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©06 The Media Desk

OK Matt, ....


      some of the other ones may be....
            but YOURS isn't

      The Desk had started the new article reviewing the's new and improved website with new features and updated information and so on at the behest of the business's owner, one Mr. Matt from Virginia. Well, the Universe had other plans for the Desk and the article. Right after this writer got over whatever evil crud had invaded his sinuses the Desk's van was involved in a fender bender accident (it was parked, the Desk was at the Day Job). The aftermath of the accident involved much driving around and screaming into telephones and at fax machines while dealing with an insurance company the Desk had never heard of trying to get it repaired.... then there was some other nonsense, a homecoming parade and a sudden trip out of town... and 'had started' was all the further it got for some time.

      Life has become somewhat more mundane of late and we can pick up where we'd left off.

      From what the Desk has been able to find, the people and service behind the site is indeed a straight up legitimate business. Yes indeed.
      As was mentioned in the article When is a Game a SCAM? if you GET what you PAY FOR, it is by definition NOT a scam.
      You pay your fee for them to send out your resume to howevermany businesses who have evidently opted-in (or at least didn't opt-out) of their database. Therefore, since they do complete the service for which you are charged, you get what you pay for. Whether or not you end up with a job is at least as much up to you as it is them after all. They send out your resume, you have to answer the phone and show up to the interview (on time and sober is a good idea) and then go from there. If thirty days later you're not working, they'll send your resume out to another swarm of employers (equal to the number of the original purchase if you go for the 1000 contact package or greater). There are no refunds.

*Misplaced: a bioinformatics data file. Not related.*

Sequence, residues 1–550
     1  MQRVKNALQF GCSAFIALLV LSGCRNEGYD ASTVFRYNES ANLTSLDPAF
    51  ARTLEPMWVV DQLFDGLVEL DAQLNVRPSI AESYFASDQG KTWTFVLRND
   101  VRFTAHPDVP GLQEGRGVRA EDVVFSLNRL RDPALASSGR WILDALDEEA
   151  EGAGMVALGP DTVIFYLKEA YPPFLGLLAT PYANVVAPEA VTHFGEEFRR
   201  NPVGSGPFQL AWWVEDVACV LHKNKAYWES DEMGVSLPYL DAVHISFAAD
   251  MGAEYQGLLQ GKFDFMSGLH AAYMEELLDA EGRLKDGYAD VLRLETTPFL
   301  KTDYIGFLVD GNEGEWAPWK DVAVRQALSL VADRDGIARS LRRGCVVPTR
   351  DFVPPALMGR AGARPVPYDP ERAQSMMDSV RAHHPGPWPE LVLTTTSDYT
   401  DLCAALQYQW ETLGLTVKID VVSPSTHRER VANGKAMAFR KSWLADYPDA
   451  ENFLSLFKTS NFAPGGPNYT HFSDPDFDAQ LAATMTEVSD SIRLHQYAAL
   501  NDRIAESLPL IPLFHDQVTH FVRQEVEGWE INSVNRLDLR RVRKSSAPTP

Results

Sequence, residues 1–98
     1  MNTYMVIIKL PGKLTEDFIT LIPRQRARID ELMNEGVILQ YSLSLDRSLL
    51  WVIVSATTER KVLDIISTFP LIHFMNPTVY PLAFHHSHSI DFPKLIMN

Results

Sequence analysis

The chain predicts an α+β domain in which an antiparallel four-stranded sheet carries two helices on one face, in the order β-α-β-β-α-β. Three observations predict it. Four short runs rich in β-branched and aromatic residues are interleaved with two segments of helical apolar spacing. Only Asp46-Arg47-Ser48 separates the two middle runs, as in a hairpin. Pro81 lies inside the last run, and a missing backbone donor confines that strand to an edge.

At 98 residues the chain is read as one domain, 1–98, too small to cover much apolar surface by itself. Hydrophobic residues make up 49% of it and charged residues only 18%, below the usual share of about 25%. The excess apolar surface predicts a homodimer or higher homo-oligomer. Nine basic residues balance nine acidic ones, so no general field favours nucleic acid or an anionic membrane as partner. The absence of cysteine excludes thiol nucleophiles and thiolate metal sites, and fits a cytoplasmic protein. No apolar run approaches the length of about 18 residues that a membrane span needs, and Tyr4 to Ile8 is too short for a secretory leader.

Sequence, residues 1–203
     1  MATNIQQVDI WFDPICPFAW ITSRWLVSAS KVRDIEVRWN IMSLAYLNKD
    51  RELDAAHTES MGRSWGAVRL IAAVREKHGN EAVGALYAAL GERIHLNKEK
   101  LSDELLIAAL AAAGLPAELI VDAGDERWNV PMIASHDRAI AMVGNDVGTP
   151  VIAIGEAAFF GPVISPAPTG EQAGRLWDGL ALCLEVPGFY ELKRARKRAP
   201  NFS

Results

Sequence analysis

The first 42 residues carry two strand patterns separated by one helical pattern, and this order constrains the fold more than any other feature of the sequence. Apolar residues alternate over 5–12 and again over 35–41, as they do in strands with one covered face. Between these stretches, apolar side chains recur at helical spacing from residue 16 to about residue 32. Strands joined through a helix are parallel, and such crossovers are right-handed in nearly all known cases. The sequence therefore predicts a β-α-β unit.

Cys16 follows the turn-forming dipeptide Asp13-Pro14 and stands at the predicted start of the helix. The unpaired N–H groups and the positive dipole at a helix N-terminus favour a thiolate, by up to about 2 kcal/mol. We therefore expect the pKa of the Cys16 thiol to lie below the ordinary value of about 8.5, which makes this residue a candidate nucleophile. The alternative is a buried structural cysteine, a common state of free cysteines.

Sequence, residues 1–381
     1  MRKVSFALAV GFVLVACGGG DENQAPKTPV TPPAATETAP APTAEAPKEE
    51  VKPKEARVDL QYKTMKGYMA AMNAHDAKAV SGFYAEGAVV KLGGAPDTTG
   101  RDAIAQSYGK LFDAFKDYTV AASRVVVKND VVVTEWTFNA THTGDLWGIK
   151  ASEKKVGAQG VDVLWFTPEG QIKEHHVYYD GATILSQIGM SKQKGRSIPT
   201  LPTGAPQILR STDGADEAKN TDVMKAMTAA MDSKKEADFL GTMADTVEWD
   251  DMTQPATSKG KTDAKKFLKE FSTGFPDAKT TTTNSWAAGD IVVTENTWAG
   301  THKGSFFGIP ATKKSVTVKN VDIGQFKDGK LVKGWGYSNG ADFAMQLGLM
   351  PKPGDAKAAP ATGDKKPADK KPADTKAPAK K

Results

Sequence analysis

And with this one site, they do exactly what they say they are going to, and from where the Desk sits, it would seem they also back up their guarantee with actual action. Which is more than a lot of 'brick and mortar' shops do, including some temporary service and job placement companies with offices and desks and coffee pots in the corner.

      During the Desk's research it did find a couple of complaints, but you can find complaints about businesses ranging from that "you want fries with that?" place all the way through Irma the Internet Used Appliance Lady.
      Yes there are scam outfits offering this service to people, they seem to come and go on a regular basis. Many of the "Junk Fax" outfits also offer resume faxing, evidently as an attempt to give their business a coat of whitewash. is a Utah based fax broadcaster. They claim not to be a "Fax Spammer" but their site spends a lot of time talking about the advantages of fax broadcasting without promising they will cover every fax machine in North America.

"Send your resume from your email account using AirComUSA. You can send your resume fax to multiple numbers with a single email. Send the email to an email address that we provide when you register for an account. Place the ten digit fax numbers you wish the resume fax to go to in the body of the email. Attach the documents you wish to send as a fax."

cut and paste that address and the next one, the Desk doesn't want to risk cross-contamination from the spammer!

      Another is who promises to send your resume to 10,000 employers for $600. Besides sending your resume out